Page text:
Tap twice to on the right earbud to play and pause your music, and tap three times on the same side to skip to the next track. Tapping three times on the left earbud will take you back to the previous track.

To answer a call you need to tap twice on the right earbud, and to reject a call, just tap twice on the left earbud. 

Tapping twice on the left earbud when you don’t have a call in progress will  summon your voice assistant. 

It’s worth bearing in mind that these controls are transferred to one earbud if you decide to listen in Mono Mode, which is when the full stereo mix comes out of only one earbud – a useful feature if you want to keep one ear free to listen out for traffic when out and about. 

true wireless earbuds

(Image credit: TechRadar)

Sound performance

The first thing you’ll notice about these true wireless earbuds is that they’re very bassy: whether you think that’s a good thing or not depends on your personal taste, as well as what you plan on using the Liberate Airs for. 

A bassy sonic profile is great for bolstering your running performance for example, allowing you to match your pace to the beat of your favorite songs. However, if you’re looking for pure audio fidelity, you probably won’t like the way these earbuds sound – they’re just too warm and bottom-heavy to appeal to hardcore audiophiles who want to hear every detail of their music.

That bassy sound is apparent when we listen to Find U Again by Mark Ronson feat. Camilla Cabelo. Bone-shaking bass drones and thumping kick drums complement Cabelo’s resonant vocal, but we miss some detail in the higher frequencies, particularly in the shimmering synths that float in and out of the mix as the chorus kicks in. 

For sparser tracks like Stormzy’s Vossi Bop, the Liberate Airs work really well – it sounds punchy and lively with the attacking percussion standing up to Stormzy’s iconic vocal. As we move on to Big For Your Boots however, we notice distortion at higher volumes, which borders on uncomfortably harsh listening.

true wireless earbuds

(Image credit: TechRadar)

The buds fare better on Bright Eyes’ Road To Joy, where picked guitar ostinatos have a good level of detail, and aren’t overpowered by the meandering bass lines. As the track descends into a cacophony of brass drums and roaring guitars, we’re craving a little more separation in the different frequencies to allow the competing instruments to ‘breathe’.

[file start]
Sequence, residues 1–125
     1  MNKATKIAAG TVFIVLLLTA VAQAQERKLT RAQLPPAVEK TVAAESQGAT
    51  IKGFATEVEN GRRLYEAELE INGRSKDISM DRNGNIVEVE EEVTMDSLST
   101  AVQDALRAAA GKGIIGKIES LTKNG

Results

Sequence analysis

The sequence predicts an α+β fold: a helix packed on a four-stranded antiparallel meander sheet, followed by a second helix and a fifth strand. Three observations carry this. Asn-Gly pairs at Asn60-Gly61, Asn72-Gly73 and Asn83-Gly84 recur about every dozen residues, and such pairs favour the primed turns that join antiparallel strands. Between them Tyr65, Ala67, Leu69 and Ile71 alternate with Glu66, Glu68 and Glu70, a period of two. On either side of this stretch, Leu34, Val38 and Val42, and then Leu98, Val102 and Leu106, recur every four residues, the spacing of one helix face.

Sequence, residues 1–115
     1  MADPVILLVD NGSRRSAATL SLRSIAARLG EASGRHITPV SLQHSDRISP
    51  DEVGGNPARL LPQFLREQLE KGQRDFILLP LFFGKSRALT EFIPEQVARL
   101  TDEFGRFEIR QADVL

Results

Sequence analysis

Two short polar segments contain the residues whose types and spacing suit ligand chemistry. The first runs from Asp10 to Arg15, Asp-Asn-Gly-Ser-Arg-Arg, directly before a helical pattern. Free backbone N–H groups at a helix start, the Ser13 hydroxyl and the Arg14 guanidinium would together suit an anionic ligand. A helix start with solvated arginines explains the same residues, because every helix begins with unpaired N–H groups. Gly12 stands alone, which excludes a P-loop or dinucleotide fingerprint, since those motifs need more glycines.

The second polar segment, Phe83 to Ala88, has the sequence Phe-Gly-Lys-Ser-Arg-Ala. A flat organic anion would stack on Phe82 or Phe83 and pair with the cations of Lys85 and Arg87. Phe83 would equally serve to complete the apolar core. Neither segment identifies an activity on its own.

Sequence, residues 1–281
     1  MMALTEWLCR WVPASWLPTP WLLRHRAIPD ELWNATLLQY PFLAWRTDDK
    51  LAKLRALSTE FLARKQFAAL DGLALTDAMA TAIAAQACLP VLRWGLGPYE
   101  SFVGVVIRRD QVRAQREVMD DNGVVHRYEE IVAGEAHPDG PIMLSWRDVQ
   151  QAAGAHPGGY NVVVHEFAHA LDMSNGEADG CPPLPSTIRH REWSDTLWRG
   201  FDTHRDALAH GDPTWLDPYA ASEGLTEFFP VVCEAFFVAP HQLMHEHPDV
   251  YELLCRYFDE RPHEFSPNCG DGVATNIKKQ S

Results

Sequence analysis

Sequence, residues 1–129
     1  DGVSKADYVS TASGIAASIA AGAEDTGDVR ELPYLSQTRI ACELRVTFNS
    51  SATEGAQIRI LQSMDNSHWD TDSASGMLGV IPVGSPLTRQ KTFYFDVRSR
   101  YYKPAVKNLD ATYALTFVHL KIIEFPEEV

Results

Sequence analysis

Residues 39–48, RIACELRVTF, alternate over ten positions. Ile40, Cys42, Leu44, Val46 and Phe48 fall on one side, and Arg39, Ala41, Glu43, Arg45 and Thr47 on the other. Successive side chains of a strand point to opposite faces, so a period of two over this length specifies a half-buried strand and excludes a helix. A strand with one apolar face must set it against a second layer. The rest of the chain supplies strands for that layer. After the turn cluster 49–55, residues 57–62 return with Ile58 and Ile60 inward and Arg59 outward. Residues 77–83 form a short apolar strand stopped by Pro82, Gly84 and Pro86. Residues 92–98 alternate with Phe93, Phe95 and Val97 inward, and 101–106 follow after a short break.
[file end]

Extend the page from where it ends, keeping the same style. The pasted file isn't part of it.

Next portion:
The soundstage doesn’t have the closed off feeling in ear buds can sometimes have, but it’s also not the widest sounding we’ve heard. 

That bassy profile lends itself to bolstering your running performance, but if you’re looking for pure audio fidelity, you’ll want to look elsewhere – the soundstage is just too warm and bottom-heavy to appeal to audiophiles.

true wireless earbuds

(Image credit: TechRadar)

Final verdict

The best thing about the House of Marley Liberate Air true wireless earbuds is their design: they look great, feel really secure, and they’re eco-friendly to boot. 

Sound-wise, they’re extremely bassy: this could be ideal for runners who want to bolster their performance, but audiophiles will likely crave a more natural-sounding profile. There are better sounding true wireless earbuds on the market, like the Cambridge Audio Melomania 1s – which incidentally, are also about $20 cheaper.

So, should you buy the Liberate Airs? If you’re serious about saving the planet, they’re a great option for any eco-conscious music fan. Otherwise, you’re better off going for something a little more well-balanced. 

Olivia Tambini

Olivia was previously TechRadar's Senior Editor - Home Entertainment, covering everything from headphones to TVs. Based in London, she's a popular music graduate who worked in the music industry before finding her calling in journalism. She's previously been interviewed on BBC Radio 5 Live on the subject of multi-room audio, chaired panel discussions on diversity in music festival lineups, and her bylines include T3, Stereoboard, What to Watch, Top Ten Reviews, Creative Bloq, and Croco Magazine. Olivia now has a career in PR.